Sing A Song Of Zion
The *Lionís *Den
An EasyEnglish Translation with Notes (about 1200 word vocabulary) on Psalm 76
Words in boxes are from the Bible.
A word list at the end explains words with a *star by them.
The translated Bible text has yet to go through Advanced Checking.
They got up and took Jesus out of the city. They led him to the side of a hill, where men had built their city. They wanted to throw him down. But Jesus just walked away from them, and went on his own way. (Luke 4:29-30)
Sennacherib was the King of Assyria. Assyria was a very strong country to the north and east of Judah. About 700 years before Jesus came to the earth, Sennacherib attacked Judah. But God fought for Judah. Sennacherib did not win the war. Many of his soldiers died. The story is in Isaiah chapters 36 and 37; and also in 2 Kings 18 and 19.
Psalm 76 (like 46, 47, 48 and 75) is about what happened in this war. It tells us that God did not let the enemy destroy Jerusalem. In the psalm, there are two other names for Jerusalem: Salem and Zion, verse 2. "Salem" means "*peace" (or no fighting); Zion is the name of the hill where the *Israelites built their *temple. The *temple was the place where they met to *praise God.
The name "A Song of Zion" was one that the *Israelites used for this psalm. We have also called it "The *Lionís *Den". Why? Because the words "house" and "home" in verse 2 in *Hebrew are the words for a *lionís home. We translate them as "*den". Also, in verse 4, the words "you robbed your enemy" are "you caught your *prey". "*Prey" is a word we use for what an animal catches to eat. The *lion is a big animal. It catches and eats many smaller animals. It will even eat people! So, the psalm makes God *like a *lion. His *den (or home) is Jerusalem. He goes out to the mountains to catch his *prey. But the *prey are the soldiers of Sennacherib.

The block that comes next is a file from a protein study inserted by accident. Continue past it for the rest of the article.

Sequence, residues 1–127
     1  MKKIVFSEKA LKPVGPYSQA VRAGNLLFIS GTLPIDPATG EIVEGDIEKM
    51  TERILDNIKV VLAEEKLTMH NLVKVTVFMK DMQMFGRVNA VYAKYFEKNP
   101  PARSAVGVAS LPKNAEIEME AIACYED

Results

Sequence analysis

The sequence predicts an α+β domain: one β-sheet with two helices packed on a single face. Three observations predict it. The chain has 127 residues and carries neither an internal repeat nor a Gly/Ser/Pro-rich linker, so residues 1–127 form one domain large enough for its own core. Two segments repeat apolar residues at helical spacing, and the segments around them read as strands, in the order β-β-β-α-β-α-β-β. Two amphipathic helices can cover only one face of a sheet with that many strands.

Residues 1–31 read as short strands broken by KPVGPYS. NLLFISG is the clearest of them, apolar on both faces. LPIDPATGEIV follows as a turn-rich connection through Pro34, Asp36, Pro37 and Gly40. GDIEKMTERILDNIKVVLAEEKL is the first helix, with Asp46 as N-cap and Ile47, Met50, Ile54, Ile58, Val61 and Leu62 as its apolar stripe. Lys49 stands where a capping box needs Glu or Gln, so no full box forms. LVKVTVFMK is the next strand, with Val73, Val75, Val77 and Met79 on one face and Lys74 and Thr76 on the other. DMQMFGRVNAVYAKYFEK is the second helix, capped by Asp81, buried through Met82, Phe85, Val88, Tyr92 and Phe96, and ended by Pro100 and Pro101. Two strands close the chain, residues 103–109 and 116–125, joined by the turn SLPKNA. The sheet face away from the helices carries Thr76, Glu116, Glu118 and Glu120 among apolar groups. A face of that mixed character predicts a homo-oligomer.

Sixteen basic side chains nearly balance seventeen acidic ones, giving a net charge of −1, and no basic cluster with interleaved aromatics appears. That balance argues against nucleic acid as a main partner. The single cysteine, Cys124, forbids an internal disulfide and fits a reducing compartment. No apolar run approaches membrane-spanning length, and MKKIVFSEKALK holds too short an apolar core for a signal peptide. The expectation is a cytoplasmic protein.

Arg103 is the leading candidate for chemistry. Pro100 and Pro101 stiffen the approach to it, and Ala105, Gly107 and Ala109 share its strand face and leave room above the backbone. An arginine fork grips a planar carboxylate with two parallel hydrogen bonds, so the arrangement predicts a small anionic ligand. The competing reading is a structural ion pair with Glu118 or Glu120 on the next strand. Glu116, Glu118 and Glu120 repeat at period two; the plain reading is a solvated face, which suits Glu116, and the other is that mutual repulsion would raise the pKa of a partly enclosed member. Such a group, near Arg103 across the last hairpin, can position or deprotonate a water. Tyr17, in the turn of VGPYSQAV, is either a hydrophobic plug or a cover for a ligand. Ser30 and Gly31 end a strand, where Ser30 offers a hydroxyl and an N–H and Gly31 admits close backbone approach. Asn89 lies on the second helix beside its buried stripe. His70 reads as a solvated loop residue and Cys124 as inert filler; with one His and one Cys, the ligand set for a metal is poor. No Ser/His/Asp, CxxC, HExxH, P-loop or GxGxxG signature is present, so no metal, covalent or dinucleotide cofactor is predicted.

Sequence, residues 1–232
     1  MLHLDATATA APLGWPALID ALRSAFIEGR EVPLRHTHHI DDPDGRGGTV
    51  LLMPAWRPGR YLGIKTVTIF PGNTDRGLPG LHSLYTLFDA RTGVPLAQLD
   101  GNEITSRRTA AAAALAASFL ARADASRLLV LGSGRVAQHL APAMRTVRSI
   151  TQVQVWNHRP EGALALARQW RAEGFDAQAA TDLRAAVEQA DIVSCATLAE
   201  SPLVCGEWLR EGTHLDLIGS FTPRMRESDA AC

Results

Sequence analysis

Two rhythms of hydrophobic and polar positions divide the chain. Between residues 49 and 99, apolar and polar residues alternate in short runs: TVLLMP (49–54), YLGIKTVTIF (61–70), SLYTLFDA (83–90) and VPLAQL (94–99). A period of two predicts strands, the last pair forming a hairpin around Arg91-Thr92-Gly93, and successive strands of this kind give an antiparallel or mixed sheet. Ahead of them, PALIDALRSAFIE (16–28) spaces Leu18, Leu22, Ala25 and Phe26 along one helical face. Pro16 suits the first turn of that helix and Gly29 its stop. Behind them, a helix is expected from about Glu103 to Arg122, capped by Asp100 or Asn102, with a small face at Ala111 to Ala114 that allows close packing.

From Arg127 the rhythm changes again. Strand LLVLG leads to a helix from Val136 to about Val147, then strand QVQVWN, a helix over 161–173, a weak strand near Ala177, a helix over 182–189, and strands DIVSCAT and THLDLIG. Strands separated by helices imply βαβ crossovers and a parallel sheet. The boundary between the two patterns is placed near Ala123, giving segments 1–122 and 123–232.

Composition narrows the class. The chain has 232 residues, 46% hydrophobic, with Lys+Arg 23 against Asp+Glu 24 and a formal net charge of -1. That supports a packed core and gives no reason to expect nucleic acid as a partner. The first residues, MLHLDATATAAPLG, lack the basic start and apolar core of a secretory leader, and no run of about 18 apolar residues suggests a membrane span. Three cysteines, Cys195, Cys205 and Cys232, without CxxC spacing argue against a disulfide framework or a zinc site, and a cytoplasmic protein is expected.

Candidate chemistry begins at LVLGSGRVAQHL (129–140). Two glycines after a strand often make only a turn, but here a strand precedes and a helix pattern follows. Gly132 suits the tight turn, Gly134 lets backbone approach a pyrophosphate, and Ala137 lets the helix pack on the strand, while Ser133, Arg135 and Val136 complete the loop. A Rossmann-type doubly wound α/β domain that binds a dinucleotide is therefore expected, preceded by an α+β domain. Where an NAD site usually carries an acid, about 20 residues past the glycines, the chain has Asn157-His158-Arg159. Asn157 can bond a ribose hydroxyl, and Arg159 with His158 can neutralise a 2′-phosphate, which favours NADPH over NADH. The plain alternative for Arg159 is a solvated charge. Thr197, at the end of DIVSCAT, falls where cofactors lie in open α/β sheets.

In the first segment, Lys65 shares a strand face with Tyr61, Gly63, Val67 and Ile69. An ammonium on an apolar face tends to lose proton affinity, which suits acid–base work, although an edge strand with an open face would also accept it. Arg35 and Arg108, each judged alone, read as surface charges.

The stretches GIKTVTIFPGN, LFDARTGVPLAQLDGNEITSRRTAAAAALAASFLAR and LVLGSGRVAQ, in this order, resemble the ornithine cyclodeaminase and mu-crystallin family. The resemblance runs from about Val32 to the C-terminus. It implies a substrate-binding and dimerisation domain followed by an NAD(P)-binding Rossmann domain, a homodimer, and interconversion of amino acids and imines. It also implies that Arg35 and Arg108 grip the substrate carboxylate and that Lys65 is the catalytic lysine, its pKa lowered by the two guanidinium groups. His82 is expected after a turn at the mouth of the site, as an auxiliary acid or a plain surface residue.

Verse 1: When King Solomon died, his country became two countries. One was Judah and the other was Israel. They had a king each. But Assyria destroyed Israel in 721 BC. BC means "years Before Christ came to the earth". So, when Sennacherib attacked Judah, there was no country of Israel. That means that in this psalm, Judah and Israel are both names for Godís people. They do not mean two different countries.
Verse 3: Breaking the enemyís *weapons (bow, *shield and *sword) is another way to say that God destroyed the enemy.
Verse 5: "sleeping" is a Bible way to describe death. Because the soldiers are dead, they cannot use their hands to fight.
Verse 9: We have said that "to *judge" means "to say who is right and who is wrong". But it really means more than that in many places in the Bible. This is one of those places. God *judged the Assyrians to be wrong: the result of this was that they died. God *judged the poor people to be right: the result of this was that they became free. They were not *oppressed any more. This means that the enemy did not hurt them, or take their food, money, animals and children.
Verse 10: Bible students do not really know what this verse means. This translation says what the *Hebrew words say. Maybe it means that when people like Sennacherib are angry with people like the *Israelites then people will *praise what God does.